Tuesday, October 11, 2016

Enrique's Journey

Enrique's Journey

Adult/YA (unfortunately) nonfiction
"Black rats and a pig root around in a ravine where the children
At dinnertime, the mothers count out three tortillas for each
child. If there are no tortillas, they try to fill their children's
bellies with a glass of water with a teaspoon of sugar mixed in."
In the most obscene and vicious election year of my life so far
we're hearing a lot of condemnation of undocumented immigrants. They
come to America to take advantage of our welfare system and live la
dolce vita off our tax money. Simultaneously they take the jobs we
need. They bring in drugs and make our crime rates soar. They impose
a burden on our educational, medical, and penal systems.
The purveyers of those sound bites would almost certainly never
read Sonia Nazario's Enrique's Journey. It behooves the rest of us
to, however. This eloquent book simultaneously puts a human face on a
complex plight and uses a young man's narrative to lead to greater
understanding. I know I learned a great deal.
Many of us picture Central American and Mexican undocumented
immigrants as males who send home money earned in the States. A lot
these days are mothers (Hispanic mothers for whom family is of prime
importance) driven by poverty to a very cruel Sophie's choice: to
leave their beloved children with relatives and send the money that
will give them a chance to survive or to risk starving together. They
usually know full well that odds are high they will perish in the
attempt. But they see no other choice.
This was the plight of Lourdes, Enrique's mother. Despite
scrubbing laundry in a stream, selling food and used clothes door to
door, and vending small items on the sidewalk she could scarcely feed
her children (Enrique and his sister)-- mind afford school supplies as
basic as pencils. How will they complete grade school? There was only
place she could think of where she could earn the money they
desperately needed. When Enrique was five she started the journey
Children in their teens and younger, striving to rejoin the
mothers who left them, make another ever growing migrant stream.
Enrique was one of those youngsters. Left with his father, he was
sent to his grandmother when his dad started a new family. That was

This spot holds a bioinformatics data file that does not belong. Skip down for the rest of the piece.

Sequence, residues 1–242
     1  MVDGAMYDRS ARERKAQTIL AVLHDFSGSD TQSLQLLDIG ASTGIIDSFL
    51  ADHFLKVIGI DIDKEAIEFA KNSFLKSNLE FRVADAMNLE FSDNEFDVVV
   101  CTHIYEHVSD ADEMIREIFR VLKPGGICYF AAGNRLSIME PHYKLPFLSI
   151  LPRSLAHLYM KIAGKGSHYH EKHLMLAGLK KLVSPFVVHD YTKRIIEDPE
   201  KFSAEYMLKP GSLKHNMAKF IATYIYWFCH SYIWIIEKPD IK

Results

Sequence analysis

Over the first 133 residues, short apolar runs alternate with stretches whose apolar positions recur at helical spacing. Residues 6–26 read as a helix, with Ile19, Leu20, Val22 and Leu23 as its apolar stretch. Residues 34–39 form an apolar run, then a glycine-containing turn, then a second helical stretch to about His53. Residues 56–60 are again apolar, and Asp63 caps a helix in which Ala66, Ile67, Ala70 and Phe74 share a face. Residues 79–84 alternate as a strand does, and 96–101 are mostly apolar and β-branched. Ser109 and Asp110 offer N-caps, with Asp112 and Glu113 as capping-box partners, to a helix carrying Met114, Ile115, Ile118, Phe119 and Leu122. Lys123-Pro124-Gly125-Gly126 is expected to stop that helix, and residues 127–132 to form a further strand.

only the first time he was passed on. He was one of those child
vendors scrambling to earn a few centavos. (Other children scavenged
at a dump amid filth and medical waste). An uncle who took him in
after his grandmother decided he was more than she could handle was
killed. He believed that if he could just be together with his mother
again his life would finally get better.
What he and other children went through is best captured in the
phrase Hell on Earth. I can't describe it vividly enough. You have
to read the book. Not all survived and many lost limbs falling under
the wheels of trains they were riding on top of. Some of the people
who robbed, beat, and took advantage of them were police. Imagine, as
I did, that these were our children.
If humanitarian instincts and/or religious teachings aren't
enough to motivate you to do something, ask yourself these questions:
Whose trade pacts make it impossible for so many Mexicans and Central
Americans to survive in their homes?
Whose country destabilizes nations by selling arms and propping up
Whose citizens enrich gangs by providing the demand in the drug supply/
demand equation?
That's all I have to say.
At the moment.
On a personal note, I read this book to get ready for a presentation
by a graduate student who has seen first hand the cruelty that is
inflicted on people trying to cross the border. Can you believe some
people even slash bottles of water that are meant to keep them from
dying of thirst? How can anyone be that heartless?
A great big shout out goes out to those who do their best to help
undocumented immigrants.
jules hathaway

Sent from my iPod

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